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Diversity Matters

Judicial Policy Making in the U.S. Courts of Appeals
Susan B. Haire and Laura P. Moyer

BUY Cloth · 216 pp. · 5.5 × 8.5 · ISBN 9780813937182 · $45.00 · May 2015
BUY Ebook · 216 pp. · ISBN 9780813937199 · $45.00 · May 2015

Until President Jimmy Carter launched an effort to diversify the lower federal courts, the U.S. courts of appeals had been composed almost entirely of white males. But by 2008, over a quarter of sitting judges were women and 15 percent were African American or Hispanic. Underlying the argument made by administration officials for a diverse federal judiciary has been the expectation that the presence of women and minorities will ensure that the policy of the courts will reflect the experiences of a diverse population. Yet until now, scholarly studies have offered only limited support for the expectation that judges’ race, ethnicity, or gender impacts their decision making on the bench. In Diversity Matters, Susan B. Haire and Laura P. Moyer employ innovative new methods of analysis to offer a fresh examination of the effects of diversity on the many facets of decision making in the federal appellate courts.

Drawing on oral histories and data on appellate decisions through 2008, the authors’ analyses demonstrate that diversity on the bench affects not only individual judges’ choices but also the overall character and quality of judicial deliberation and decisions. Looking forward, the authors anticipate the ways in which these process effects will become more pronounced as a result of the highly diverse Obama appointment cohort.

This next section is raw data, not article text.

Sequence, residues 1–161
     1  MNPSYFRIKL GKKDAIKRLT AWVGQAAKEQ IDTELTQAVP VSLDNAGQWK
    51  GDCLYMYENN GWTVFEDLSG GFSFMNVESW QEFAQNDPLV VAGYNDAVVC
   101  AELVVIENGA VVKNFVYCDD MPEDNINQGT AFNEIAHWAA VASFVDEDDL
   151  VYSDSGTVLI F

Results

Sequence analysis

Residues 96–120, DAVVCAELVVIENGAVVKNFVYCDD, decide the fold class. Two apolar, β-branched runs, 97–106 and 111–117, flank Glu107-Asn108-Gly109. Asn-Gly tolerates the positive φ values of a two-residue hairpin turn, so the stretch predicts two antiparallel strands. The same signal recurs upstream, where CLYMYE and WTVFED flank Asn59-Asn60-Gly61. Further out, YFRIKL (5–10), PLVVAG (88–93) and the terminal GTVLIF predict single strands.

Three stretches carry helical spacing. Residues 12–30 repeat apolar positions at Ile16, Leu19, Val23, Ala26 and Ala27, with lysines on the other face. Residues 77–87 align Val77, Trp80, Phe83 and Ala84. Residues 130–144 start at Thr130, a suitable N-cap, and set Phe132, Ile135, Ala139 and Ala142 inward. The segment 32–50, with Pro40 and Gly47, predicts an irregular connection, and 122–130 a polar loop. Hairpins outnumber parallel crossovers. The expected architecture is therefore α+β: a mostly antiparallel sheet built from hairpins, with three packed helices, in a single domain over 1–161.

Diversity Matters is a substantial contribution both to judicial decision-making scholarship and to gender/race scholarship. The authors offer a rich theoretical framework, deploy a rigorous and well-suited analytic strategy, and provide an engaging discussion of what their evidence indicates with regard to the role of gender, race, and ethnicity in judging.

Wendy L. Martinek, Binghamton University

Diversity Matters is a landmark study and is one of the most important judicial politics books to be published in recent years. It is theoretically and empirically rich, methodologically sophisticated, exceptionally well written, and easy to follow. Diversity Matters should be of great interest to students of the courts, American politics, and gender/racial/ethnic studies. It is timely as it provides a preview of the expected impact of President Obama's historic levels of bench diversification. In other words, this is a must-read book.

Sheldon Goldman, University of Massachusetts Amherst, author of Picking Federal Judges: Lower Court Selection from Roosevelt through Reagan

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